In Advanced Drug Delivery Reviews, 2001, 46, 3-26, (DOI) Lipinski and coworkers write: Too many hydrogen bond acceptor groups also hinder permeability across a membrane bi-layer. The sum of $\ce{N}$s and $\ce{O}$s is a rough measure of H bond accepting ability. So, for the empirical rule of five it's simply the number, nothing more. In the cited article,...

4

With the experimental setup you describe, you would not observe any intentional polarization dependence, because the light passes only through a beam splitter, not a polarizer. There can be unintentional polarization due to the nature of optical materials and manufacturing, caused by the diffraction grating, the polarization contribution of mirror ...

4

Yes, it is meaningful, but often ignored for practical reasons. In the lab, e.g. in a desiccator, you would just use a large excess of the desiccant of choice which would always work. It’s often more meaningful to classify them as to whether they are acidic, basic or neutral. But let’s assume we wanted to create that scale. For simplicity reasons, let’s ...

4

Mirror image spectra are only observed in solution and then only if the ground and excited state potential energies have almost exactly the same shape. Thus in rigid molecules such as anthracene a good mirror image is observed but not in more flexible molecules such as stilbene ($\phi-C=C-\phi$). The spectra of each vibrational level is wide in solution due ...

3

The skin is able to prevent some things from passing in and out of a person but it is not a perfect barrier. The lipophilic things like nicotine, hydrogen flouride, VX, hexane and iodine vapour can pass through undamaged skin. These things are able to dissolve in the fatty parts of skin. Then they diffuse in through the skin into the person. Thus they enter ...

3

Ions are hygroscopic because they form very stable, low energy hydrates, which are thermodynamically favorable over water vapor. I.E. salt attracts water vapor because the hydrated salt is lower energy than the water vapor. Other very porous materials are hygrosopic due to capillary action. Water vapor is attracted to the surface initially due to a variety ...

3

Read closer: Most of the hygroscopic substances are drying agents not all drying agents are hygroscopic substances. First Terminology: Hygroscopic: Absorbs water from air Drying agent: Removes water from organic substance Your book did not exclude other materials from being considered drying agents. It just said many of the substances that are ...

3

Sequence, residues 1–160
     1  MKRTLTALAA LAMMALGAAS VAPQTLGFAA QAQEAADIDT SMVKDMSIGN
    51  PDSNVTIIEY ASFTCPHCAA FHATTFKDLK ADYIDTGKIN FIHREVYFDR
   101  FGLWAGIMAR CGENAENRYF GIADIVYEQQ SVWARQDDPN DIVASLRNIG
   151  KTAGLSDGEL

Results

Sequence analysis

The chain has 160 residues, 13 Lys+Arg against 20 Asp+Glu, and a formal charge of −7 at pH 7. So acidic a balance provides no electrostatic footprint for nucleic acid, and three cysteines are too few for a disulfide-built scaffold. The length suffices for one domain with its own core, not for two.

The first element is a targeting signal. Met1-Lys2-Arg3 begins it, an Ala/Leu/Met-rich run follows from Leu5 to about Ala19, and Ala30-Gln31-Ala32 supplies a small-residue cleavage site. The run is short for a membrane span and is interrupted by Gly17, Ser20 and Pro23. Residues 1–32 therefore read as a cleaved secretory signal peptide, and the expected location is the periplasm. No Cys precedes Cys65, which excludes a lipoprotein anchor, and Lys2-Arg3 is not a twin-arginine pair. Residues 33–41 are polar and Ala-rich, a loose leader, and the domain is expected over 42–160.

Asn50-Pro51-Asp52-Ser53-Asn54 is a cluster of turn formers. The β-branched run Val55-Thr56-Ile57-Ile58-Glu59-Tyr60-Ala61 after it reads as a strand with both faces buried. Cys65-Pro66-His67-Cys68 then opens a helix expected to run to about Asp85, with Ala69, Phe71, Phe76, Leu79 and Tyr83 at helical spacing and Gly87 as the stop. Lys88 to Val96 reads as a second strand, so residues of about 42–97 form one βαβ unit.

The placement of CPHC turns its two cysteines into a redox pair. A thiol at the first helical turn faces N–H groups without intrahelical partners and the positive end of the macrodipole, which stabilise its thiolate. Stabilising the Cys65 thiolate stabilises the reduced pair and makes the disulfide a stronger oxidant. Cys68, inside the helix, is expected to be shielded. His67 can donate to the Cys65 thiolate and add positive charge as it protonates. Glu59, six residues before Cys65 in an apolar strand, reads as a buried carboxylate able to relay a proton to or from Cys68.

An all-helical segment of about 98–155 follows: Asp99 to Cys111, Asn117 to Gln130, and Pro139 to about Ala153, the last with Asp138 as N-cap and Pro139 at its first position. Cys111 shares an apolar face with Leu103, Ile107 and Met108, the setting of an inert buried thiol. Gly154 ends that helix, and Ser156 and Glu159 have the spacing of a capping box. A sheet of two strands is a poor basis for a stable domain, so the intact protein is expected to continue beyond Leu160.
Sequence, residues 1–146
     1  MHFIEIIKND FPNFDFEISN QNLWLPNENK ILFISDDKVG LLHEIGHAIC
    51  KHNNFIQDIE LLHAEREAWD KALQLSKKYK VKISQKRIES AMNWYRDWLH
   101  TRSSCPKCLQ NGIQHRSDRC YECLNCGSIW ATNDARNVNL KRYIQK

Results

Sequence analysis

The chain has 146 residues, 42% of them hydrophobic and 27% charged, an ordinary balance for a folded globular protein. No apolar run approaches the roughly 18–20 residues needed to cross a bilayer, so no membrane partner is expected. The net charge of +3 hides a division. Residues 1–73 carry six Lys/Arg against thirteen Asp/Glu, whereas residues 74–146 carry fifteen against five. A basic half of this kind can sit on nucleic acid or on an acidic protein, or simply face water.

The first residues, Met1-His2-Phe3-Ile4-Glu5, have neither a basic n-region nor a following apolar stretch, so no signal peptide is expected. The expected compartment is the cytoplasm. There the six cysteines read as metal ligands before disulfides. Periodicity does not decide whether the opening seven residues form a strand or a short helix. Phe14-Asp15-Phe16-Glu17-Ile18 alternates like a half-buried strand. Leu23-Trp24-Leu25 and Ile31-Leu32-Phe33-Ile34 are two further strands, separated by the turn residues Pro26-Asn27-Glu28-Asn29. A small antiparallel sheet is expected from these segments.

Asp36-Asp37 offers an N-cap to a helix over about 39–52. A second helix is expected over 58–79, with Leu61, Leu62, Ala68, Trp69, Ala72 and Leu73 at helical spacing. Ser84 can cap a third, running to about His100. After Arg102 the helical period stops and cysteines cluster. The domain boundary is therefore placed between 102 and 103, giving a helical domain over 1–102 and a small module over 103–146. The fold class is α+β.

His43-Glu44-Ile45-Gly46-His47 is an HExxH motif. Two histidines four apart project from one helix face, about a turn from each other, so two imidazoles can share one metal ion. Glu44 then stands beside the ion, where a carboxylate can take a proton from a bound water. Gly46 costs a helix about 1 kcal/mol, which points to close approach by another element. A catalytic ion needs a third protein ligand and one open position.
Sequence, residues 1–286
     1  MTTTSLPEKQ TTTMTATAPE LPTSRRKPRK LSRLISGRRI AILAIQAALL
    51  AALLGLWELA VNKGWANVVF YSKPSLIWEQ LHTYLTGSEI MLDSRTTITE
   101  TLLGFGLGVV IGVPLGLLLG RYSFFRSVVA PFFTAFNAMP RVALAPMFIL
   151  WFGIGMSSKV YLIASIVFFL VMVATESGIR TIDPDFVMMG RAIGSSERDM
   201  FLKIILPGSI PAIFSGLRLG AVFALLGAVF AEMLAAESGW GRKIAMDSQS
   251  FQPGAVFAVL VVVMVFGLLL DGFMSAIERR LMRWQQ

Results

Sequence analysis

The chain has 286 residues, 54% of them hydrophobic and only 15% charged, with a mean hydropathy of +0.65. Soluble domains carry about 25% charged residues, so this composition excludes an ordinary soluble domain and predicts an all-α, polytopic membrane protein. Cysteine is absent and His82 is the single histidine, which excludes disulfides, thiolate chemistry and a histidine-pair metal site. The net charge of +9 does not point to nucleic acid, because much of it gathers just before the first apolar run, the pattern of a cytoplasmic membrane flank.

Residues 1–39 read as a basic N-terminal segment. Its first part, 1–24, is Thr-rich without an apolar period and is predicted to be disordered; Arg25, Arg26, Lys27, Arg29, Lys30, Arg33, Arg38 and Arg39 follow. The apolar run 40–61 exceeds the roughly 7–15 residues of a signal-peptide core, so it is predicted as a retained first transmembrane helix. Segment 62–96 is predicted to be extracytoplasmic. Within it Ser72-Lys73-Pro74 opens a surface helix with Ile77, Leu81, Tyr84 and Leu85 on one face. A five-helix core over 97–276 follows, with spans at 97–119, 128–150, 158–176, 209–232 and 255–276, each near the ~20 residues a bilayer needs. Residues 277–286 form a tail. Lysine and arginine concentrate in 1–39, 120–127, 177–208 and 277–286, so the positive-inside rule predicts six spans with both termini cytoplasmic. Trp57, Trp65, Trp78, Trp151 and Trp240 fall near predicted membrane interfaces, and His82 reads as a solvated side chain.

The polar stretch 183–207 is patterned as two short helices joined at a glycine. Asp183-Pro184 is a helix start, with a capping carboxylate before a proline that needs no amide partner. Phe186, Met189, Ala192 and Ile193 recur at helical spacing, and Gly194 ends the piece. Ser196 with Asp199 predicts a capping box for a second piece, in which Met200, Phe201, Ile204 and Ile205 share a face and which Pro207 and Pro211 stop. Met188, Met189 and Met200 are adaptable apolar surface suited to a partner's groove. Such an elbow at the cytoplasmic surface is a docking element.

The intensity transmitted at wavelength $a$ where the extinction coefficient is $\epsilon_a$ is $I_a=I_{0a}\exp(-\epsilon_a L C)$ with path length $L$ and concentration $C$, and similarly for a second wavelength $b$. If, for clarity, we let $x=\epsilon l C$ then then $I_a=I_{0a}\exp(-x_a)$ and $I_b=I_{0a}\exp(-x_b)$. The total transmitted light is $I_t=I_a+... 3 Yes, it does, and especially for calibration curves [1, p. 439, 455]: For spectrophotometric analysis, we normally choose the wavelength of maximum absorbance for two reasons: (1) The sensitivity of the analysis is greatest at maximum absorbance; that is, we get the maximum response for a given concentration of analyte. Sensitivity$b$is the slope of your ... 3 If you are looking for something that can be made using elemental oxygen as an oxidizer and reversibly release the excess oxygen below 1000 °C, sodium peroxide beats potassium peroxide by using lighter metal atoms. It can be prepared by reacting sodium with oxygen in two stages (forming sodium oxide in the intermediate stage) at 130–200 °C and releases the ... 3 From the Jablonski diagram, The mirror image is only true if you are talking about transitions from$S_0$to$S_1$(absorption) and$S_1$to$S_0$. Also read about Kasha's rule. Quinine is the most famous fluorescent molecule, its$complete$absorption spectrum is not a mirror image of its emission spectrum. 3 Negative absorbance in a double beam instrument has no physical meaning because absorbance, by definition, cannot be negative. It ranges from$0$to$\infty$. Instrumentally, all that means is that somehow the sample cuvet is transmitting more light than the reference cuvet. In other words, the measured absorbance of the sample is less than than measured ... 2 There are materials that absorb methane under ambient conditions. A quick Google Scholar search for "metal organic framework methane" shows some of the most recent and popular synthesized materials that can do this. Dr. Shengqian Ma at University of South Florida is a big figure in the field, and he currently collaborates with my computational research group.... 2 The silica gel granules are granular silicon dioxide (SiO2), the same matrial from what is the normal sand. The pure SiO2 has the same effect to health as when you eat sand. But because the granules are larger, may cause appendix problems (im not an doc). Anyway, this is not chemical related problem. It can cause dehydratation or other problems, what is ... 2 The answer varies with the type of food and the type of condiment. Both are very complicated mixtures, so a same combination of food and condiment can display varying levels of adsorption/absorption depending on the region/compound being analyzed, but in general, I expect that while all of chemical/physical adsorption and chemical/physical absorption happen ... 2 This site explains the use of oil on wood fairly well: Oil is made of molecules small enough to seep down into the wood rather than merely sit on top. As a result, oil makes wood look richer and more translucent without adding a film on the surface. There are two different types of oils that woodworkers use: drying and non-drying oils. Drying oils will ... 2 Let us assume that baking soda works by not simply absorbing, but reacting with acidic/odiferous substances via an acid-base reaction. So, for example if you had rancid butter in the fridge and it gave off the nasty-smelling butyric acid, that acid would react with the baking soda to give sodium butyrate plus carbonic acid (which breaks down to carbon ... 2 Some salts have high tendency to be hydrated, like Li salts. The reason is that their hydration energy is very high, meaning that when they are hydrated, lot of energy is released. Since lower energy is always more stable, such salts tend to show high hygroscopy. 2 I don't believe it is strictly necessary to determine the subgroup induced by a vibration in order to determine if a vibronic transition is allowed. You can simply use the equation from your 2nd quoted block of text. For example, consider whether an electronic transition would be allowed between a$b_1$and$b_2\$ state of water. Without including ...